Sunday, October 12, 2008

doing my homework myself: for a working democracy

these days i am living a paradox.
i aspire to become an educationist, and a child care campaigner (care- not as in child care or welfare; i mean to care for a child, to let all children know that there's someone who cares for them, their well being and happiness).
i do not believe in privatization of education, but right now i am involved in documenting a private school's success in innovation and in advocating and facilitating a different kind of learning-process.
so why am i living this paradox? was i stupid enough to be unaware of it, was it the money, or has my non-belief in privatisation been shaken?
thankfully, none of these. i.e. it wasn't the money, but the work- this is one of the very few things i could work on without compromising my convalescence. and sheer boredom was killing me; and what the school's achieved is pretty intersting and rather commendable.
and though i am not as fond of arguing as some people i know are, i'd hate to lose an argument- to anybody. so i undertook this is an exercise in adding to my arsenal.
you see- i don't ever want to be in the unenviable position of talking about something i don't know the first thing i thought i'd take a look at how exactly this private school operates, the premises and ideology it works on, what it does to help its students learn better.
and i tried to keep an open mind, i've noticed that it's generally a good idea.
i wanted to see if i could be converted.

so now?
well, i am not going to talk about the school or what i thought of it- it's actually quite nice, (except the fee part, of course ;-) ) has been workign real hard to operate in accordance with its beliefs and initial premises, and is generally keeping the children really happy. so there's nothing to find fault with.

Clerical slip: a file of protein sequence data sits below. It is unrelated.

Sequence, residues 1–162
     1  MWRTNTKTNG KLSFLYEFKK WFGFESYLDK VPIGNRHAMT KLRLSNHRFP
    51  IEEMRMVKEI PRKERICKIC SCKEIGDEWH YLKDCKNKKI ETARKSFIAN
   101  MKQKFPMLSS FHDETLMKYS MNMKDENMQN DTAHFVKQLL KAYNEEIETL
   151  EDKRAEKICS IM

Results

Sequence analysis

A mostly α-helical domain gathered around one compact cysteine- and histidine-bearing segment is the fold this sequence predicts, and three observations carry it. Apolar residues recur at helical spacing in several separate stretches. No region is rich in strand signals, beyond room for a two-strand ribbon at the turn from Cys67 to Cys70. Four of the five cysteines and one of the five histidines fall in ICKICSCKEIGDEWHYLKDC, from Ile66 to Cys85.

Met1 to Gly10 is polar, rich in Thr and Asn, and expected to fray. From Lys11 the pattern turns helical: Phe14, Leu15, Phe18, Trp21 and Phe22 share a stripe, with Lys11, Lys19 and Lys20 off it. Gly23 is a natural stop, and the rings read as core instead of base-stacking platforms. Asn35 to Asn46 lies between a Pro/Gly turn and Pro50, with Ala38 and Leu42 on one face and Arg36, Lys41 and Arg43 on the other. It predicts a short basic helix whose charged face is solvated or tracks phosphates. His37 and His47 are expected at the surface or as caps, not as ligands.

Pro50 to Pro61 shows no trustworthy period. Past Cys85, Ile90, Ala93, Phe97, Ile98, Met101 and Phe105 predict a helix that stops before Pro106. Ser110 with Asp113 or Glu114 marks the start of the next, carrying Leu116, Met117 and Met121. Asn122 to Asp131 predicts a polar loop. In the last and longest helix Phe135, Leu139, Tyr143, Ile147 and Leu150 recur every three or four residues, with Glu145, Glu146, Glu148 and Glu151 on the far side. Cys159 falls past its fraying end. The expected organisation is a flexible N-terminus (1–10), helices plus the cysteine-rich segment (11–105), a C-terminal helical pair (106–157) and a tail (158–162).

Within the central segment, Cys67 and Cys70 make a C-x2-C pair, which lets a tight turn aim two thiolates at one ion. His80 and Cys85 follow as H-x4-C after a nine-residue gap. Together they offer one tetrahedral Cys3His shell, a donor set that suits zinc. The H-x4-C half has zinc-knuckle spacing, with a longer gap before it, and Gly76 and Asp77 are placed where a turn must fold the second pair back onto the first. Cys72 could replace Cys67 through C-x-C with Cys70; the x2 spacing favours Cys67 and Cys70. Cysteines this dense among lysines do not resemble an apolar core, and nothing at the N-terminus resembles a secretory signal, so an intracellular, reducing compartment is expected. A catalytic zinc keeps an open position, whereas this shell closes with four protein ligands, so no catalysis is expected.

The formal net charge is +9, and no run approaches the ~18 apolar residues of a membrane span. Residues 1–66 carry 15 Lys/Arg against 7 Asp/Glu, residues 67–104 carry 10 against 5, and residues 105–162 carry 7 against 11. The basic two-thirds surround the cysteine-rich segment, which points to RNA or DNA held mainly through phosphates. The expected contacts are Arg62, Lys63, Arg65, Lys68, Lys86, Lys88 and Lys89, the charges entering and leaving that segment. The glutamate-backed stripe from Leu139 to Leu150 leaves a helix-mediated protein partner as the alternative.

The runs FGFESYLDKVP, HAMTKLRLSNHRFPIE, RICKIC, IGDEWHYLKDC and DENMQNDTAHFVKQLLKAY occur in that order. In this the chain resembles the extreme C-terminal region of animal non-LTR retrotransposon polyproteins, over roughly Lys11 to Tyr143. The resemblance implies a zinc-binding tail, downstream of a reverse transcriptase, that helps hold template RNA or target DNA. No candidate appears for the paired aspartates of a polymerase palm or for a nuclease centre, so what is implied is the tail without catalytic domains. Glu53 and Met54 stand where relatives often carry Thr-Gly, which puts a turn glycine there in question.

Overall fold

but when i was thinking about how well this school is doing and that privatization does have a few things to recommend it, i stumbled upon an argument.
it's generally believed that if a private operator can provide better services, well, why not let the service be privatised?
so if private schools work better for everyone concerned (and trust me, they work well enough for the government as well; sweetheart, they won't be allowed to operate otherwise, now would they?), than government schools, what the hell is wrong with letting them work?

this is what-
forget the kind of government schools we have right now. they don't work- successive governments have painstakingly ensured (not without incentives, pats-on-the-back and promises of investments and aid) that they don't even remotely resemble anything that works.
nope. let's think of a school that's open to all children- from all calsses and communities, that's fully equipped with laboratories, sports equipment, material and room for arts classes, has the requisite physical infrastructure, and the requisite number of properly trained teachers. there are also enough number of such schools so that no children in any region need to be packed into buses to be dropped at school.

who runs the school??